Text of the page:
(Collated from the versions printed by Burt and the 1924 Minneapolis Journal. The tune is “The Fatal Wedding” by Gussie L. Davis, which was published in 1895, two years before the Ging murder.)
Minneapolis was excited, and for many miles around,
For a terrible crime committed, just a mile or so from town.
It was a cold and winter’s eve the villain did reply
“Tonight she takes that fatal ride and she shall have to die.”
The stars were shining brightly and the moon had passed away.
The road was dark and lonely when found dead where she lay.
Then tell the tale of a criminal, Kit was his promised bride.
Just another sin to answer for, just another fatal ride.
When for pleasure she went riding little did she know her fate
That took place on that lonely night on the road near Calhoun Lake.
She was shot while in the buggy, and beaten, ’tis true to speak,
Until all life had vanished, then was cast into the street.
He was at heart a criminal, but a coward of a man,
And so he sought another to execute his plan.
It was a cold and bloody plot, likewise a terrible sin
To take a life so kind and true as she had been to him.
ADDENDUM: Since the Heritage Songbook was printed, I have re-read James Taylor Dunn’s article “A Century of Song: Popular Music in Minnesota,” which appeared on pp. 122-141 of the Winter 1974 issue of Minnesota History magazine.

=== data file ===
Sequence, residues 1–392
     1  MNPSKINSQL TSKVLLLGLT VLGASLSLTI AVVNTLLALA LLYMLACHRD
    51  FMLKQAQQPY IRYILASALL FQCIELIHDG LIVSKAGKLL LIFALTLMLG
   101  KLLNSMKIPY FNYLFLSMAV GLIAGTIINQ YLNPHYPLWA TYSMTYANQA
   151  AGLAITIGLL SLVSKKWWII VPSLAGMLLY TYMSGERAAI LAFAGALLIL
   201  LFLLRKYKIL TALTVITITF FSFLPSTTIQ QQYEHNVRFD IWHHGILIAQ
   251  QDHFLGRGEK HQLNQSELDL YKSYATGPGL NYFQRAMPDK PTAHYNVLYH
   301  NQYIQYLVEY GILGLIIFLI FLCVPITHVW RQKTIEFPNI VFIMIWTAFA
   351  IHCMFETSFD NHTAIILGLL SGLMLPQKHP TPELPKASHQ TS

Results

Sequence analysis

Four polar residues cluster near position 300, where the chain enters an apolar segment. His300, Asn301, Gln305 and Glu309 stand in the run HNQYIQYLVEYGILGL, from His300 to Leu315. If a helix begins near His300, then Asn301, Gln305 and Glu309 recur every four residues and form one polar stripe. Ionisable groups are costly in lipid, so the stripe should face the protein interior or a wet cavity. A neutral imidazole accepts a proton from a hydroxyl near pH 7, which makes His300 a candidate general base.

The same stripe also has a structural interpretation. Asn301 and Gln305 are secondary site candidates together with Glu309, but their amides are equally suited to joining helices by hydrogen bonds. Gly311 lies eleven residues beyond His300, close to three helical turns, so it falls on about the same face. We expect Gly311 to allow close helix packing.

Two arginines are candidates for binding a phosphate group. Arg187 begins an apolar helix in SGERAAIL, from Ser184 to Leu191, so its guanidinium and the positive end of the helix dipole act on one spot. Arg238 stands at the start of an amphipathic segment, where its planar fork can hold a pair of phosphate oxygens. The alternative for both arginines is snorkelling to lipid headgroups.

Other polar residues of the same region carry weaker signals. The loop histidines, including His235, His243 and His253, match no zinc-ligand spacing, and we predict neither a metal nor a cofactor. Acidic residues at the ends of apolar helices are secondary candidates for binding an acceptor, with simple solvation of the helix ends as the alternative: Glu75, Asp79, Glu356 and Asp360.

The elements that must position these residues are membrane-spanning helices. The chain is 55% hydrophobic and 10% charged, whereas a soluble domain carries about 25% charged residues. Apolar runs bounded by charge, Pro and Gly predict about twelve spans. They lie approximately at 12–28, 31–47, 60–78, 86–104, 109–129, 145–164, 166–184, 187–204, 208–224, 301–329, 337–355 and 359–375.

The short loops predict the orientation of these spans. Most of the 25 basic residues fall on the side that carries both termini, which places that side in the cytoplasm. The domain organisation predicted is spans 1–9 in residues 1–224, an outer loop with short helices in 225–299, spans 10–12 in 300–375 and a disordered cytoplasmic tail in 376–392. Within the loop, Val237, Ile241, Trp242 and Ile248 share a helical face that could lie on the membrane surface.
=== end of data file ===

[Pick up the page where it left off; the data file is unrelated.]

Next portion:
Page 141 of this article refers to a song called “The Fatal Ride. The article declares “It was written in 1895 by one ‘Marius’ to words by Joseph Vincent Brookes who, according to the Brainerd Weekly Journal, was formerly in the restaurant business in that city and locally celebrated as a ‘tragic poet.’ The front page of this song describing the notorious murder in Minneapolis of Kitty Ging by Harry Hayward was said to have been decorated ‘with a very fine picture of the buckskin horse and the carriage that were used when Miss Ging rode to her death.'”
Dunn never located the sheet music to “The Fatal Ride,” and I have not managed to find it either, but clearly it is this song. Thus we can now say that the Harry Hayward Song has lyrics by Joseph Vincent Brookes. This does not change the fact that the tune is “The Fatal Wedding”; the use of the obvious pseudonym “Marius” is a transparent attempt to cover the fact that Brookes used an existing tune — in this case, “The Fatal Wedding,” which had been published only two years earlier and was very popular.